"Energy at infinity" is a technical term; heuristically, you can think of it as what says the same as an object falls in a gravitational field, with its kinetic energy increasing and its potential energy decreasing. It's not a quantity that can only be represented mathematically at infinity or that only has physical meaning at infinity.

Boing3000
Gold Member
"Energy at infinity" is a technical term; heuristically, you can think of it as what says the same as an object falls in a gravitational field, with its kinetic energy increasing and its potential energy decreasing. It's not a quantity that can only be represented mathematically at infinity or that only has physical meaning at infinity.
I understood that. I should have said "compute" not "build". But how can this exact value be relevant in that scenario ? No photon will ever be at infinity, and every BH will be evaporated long before that anyway.

Maybe a more practical value would be at a distance = c * evaporation time ?

PeterDonis
Mentor
how can this exact value be relevant in that scenario ? No photon will ever be at infinity
Because, as I said, "energy at infinity" is a technical term; it does not mean the value of that quantity is only relevant or well-defined at infinity. "Energy at infinity" just happens to be the ordinary language term that physicists have adopted for this quantity.

PeterDonis
Mentor
how can this exact value be relevant in that scenario ?
To answer this another way, if you read through the thread (which admittedly is getting long now), you will see that @Demystifier and I both agree that the energy at infinity of the photon determines the mass that gets added to the hole when the photon falls in--not the energy the photon has as seen by an observer hovering close to the horizon.

Demystifier
2018 Award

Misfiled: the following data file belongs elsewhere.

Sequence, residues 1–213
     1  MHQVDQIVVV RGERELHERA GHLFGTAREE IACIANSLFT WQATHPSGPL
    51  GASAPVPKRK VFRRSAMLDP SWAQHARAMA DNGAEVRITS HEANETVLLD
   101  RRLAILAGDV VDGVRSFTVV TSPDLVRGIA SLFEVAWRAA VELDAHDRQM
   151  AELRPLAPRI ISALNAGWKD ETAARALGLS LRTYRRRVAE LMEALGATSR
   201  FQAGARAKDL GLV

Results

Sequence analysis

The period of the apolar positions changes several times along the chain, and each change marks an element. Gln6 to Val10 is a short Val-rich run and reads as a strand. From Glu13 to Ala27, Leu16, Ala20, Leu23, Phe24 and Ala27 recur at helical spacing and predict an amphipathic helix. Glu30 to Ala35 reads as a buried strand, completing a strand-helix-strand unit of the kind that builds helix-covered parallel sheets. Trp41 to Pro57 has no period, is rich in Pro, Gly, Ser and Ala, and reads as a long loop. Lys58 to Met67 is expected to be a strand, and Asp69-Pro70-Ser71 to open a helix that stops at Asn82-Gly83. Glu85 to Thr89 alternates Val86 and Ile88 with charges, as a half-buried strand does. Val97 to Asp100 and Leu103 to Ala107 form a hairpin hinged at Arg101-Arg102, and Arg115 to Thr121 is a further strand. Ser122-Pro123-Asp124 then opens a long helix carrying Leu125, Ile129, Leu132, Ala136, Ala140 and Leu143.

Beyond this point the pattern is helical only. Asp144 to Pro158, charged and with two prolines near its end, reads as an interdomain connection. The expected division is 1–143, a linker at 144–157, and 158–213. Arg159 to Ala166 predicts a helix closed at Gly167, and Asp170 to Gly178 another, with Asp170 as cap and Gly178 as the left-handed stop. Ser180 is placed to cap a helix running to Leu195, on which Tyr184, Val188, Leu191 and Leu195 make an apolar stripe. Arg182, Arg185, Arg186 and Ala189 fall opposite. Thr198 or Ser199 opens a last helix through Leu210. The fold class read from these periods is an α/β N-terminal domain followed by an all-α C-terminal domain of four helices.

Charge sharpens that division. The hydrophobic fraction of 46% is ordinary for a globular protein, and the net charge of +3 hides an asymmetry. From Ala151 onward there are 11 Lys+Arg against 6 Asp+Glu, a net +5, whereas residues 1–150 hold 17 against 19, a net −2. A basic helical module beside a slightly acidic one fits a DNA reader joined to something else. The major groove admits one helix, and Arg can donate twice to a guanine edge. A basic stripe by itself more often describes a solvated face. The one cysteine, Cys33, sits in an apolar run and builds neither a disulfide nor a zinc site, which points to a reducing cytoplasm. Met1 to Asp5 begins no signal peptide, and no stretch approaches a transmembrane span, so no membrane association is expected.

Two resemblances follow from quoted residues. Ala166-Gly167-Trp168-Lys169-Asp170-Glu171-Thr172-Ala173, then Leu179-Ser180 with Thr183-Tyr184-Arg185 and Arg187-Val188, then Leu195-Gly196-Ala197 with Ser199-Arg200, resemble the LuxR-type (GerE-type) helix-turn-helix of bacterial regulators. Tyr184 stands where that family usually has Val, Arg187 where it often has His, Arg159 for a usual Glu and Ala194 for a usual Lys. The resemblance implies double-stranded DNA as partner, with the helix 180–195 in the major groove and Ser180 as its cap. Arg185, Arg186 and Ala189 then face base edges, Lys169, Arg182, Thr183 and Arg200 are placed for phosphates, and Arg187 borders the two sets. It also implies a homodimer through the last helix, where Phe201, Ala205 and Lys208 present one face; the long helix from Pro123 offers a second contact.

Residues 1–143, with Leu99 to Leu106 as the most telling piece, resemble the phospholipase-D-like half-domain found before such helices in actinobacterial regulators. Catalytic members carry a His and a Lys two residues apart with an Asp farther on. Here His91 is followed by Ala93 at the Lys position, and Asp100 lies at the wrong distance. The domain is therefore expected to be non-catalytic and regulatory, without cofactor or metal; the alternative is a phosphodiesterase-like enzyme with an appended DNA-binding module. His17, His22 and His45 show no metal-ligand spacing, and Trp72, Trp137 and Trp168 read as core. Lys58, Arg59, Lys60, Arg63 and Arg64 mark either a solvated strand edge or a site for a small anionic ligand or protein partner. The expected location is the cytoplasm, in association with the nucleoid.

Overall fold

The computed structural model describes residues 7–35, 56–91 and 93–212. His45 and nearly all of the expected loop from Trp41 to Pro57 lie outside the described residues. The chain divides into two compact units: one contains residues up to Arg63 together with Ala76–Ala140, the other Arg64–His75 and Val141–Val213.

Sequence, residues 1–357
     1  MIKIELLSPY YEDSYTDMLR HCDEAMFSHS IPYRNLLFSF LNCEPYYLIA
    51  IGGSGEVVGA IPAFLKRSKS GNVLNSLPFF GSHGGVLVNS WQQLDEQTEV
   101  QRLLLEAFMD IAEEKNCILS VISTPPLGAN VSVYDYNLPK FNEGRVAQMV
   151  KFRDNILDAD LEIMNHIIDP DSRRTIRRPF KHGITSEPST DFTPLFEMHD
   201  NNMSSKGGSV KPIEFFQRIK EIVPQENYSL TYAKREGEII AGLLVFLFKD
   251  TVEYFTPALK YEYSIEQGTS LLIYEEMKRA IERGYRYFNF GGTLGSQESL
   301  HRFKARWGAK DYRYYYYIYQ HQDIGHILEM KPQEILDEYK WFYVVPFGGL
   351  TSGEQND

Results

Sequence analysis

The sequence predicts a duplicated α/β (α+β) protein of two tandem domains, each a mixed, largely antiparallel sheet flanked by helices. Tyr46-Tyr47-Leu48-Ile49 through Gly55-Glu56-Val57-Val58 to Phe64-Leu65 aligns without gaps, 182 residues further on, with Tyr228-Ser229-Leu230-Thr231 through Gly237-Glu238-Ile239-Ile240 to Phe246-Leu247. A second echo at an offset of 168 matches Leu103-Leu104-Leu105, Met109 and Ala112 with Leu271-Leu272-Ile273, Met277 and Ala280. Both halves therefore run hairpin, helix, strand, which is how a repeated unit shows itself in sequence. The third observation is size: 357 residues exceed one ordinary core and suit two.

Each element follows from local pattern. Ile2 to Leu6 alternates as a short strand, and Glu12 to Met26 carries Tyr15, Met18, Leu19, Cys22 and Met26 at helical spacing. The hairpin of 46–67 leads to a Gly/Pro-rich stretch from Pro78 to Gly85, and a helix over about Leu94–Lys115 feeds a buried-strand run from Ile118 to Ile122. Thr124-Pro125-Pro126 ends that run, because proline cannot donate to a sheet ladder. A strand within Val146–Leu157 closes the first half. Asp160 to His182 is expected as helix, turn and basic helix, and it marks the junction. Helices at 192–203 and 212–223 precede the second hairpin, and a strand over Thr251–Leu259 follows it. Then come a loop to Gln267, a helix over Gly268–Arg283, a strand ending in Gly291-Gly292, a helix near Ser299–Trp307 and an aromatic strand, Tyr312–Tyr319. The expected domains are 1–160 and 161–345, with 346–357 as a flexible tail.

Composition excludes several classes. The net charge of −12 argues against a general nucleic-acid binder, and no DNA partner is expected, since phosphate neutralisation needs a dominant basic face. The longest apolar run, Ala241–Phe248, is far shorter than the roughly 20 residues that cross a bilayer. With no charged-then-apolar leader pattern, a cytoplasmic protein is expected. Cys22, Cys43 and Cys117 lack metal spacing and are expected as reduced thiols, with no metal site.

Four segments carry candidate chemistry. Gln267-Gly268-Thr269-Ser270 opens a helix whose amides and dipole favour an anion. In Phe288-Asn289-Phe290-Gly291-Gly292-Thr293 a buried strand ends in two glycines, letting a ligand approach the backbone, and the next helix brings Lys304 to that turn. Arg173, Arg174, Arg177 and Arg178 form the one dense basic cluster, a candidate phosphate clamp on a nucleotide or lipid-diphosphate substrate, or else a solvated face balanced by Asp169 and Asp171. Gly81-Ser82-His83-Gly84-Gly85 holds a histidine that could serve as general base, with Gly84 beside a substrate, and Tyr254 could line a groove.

Because, as I said, "energy at infinity" is a technical term; it does not mean the value of that quantity is only relevant or well-defined at infinity. "Energy at infinity" just happens to be the ordinary language term that physicists have adopted for this quantity.
For practical purposes, "infinity" can be interpreted as a large radius $r\gg R=2M$.

martinbn
For practical purposes, "infinity" can be interpreted as a large radius $r\gg R=2M$.
And how is radius $r$ defined?

Demystifier
2018 Award
And how is radius $r$ defined?
It's the usual radial coordinate in the Schwarzshild metric. Is that precise enough?

martinbn
It's the usual radial coordinate in the Schwarzshild metric. Is that precise enough?
Wait, the whole discution is about the Schwarztschild solution only?

Demystifier
2018 Award
Wait, the whole discution is about the Schwarztschild solution only?
Almost. It's about uncharged nonrotating black hole, with a possibly non-constant mass. If the mass changes sufficiently slowly, then the metric can be approximated by Schwarztschild metric with $M\rightarrow M(t)$.

Now you will ask me to define "sufficiently slowly".

martinbn
Almost. It's about uncharged nonrotating black hole, with a possibly non-constant mass. If the mass changes sufficiently slowly, then the metric can be approximated by Schwarztschild metric with $M\rightarrow M(t)$.

Now you will ask me to define "sufficiently slowly".
No, I'll ask if there is such a result about the approximation, or is it just expected. What about stubility?

Demystifier
2018 Award
No, I'll ask if there is such a result about the approximation, or is it just expected. What about stubility?
It's expected by my physical intuition, but maybe I should add that I expect it for $r>2M(t)$. I'm sure that someone made explicit calculations and haven't obtained anything very surprising, because otherwise I would already heard about that. After all, the mass of the Sun is not constant, yet the Schwarzschild metric describes the motion of planets around Sun very well.

PeterDonis
Mentor